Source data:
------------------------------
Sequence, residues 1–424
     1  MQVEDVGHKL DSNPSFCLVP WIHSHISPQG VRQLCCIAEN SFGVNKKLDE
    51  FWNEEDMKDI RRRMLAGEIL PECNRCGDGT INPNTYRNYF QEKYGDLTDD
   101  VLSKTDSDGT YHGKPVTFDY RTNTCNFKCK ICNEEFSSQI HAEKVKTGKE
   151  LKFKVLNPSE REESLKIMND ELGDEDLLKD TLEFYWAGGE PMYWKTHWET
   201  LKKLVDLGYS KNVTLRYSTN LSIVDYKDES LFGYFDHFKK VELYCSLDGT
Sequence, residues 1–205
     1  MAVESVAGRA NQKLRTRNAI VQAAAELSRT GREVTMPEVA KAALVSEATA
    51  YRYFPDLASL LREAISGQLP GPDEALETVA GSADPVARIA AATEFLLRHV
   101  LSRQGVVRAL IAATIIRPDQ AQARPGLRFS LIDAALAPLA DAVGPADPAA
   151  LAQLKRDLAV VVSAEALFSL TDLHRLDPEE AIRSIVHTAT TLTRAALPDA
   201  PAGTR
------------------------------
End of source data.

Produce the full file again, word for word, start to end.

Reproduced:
Sequence, residues 1–424
     1  MQVEDVGHKL DSNPSFCLVP WIHSHISPQG VRQLCCIAEN SFGVNKKLDE
    51  FWNEEDMKDI RRRMLAGEIL PECNRCGDGT INPNTYRNYF QEKYGDLTDD
   101  VLSKTDSDGT YHGKPVTFDY RTNTCNFKCK ICNEEFSSQI HAEKVKTGKE
   151  LKFKVLNPSE REESLKIMND ELGDEDLLKD TLEFYWAGGE PMYWKTHWET
   201  LKKLVDLGYS KNVTLRYSTN LSIVDYKDES LFGYFDHFKK VELYCSLDGT
Sequence, residues 1–205
     1  MAVESVAGRA NQKLRTRNAI VQAAAELSRT GREVTMPEVA KAALVSEATA
    51  YRYFPDLASL LREAISGQLP GPDEALETVA GSADPVARIA AATEFLLRHV
   101  LSRQGVVRAL IAATIIRPDQ AQARPGLRFS LIDAALAPLA DAVGPADPAA
   151  LAQLKRDLAV VVSAEALFSL TDLHRLDPEE AIRSIVHTAT TLTRAALPDA
   201  PAGTR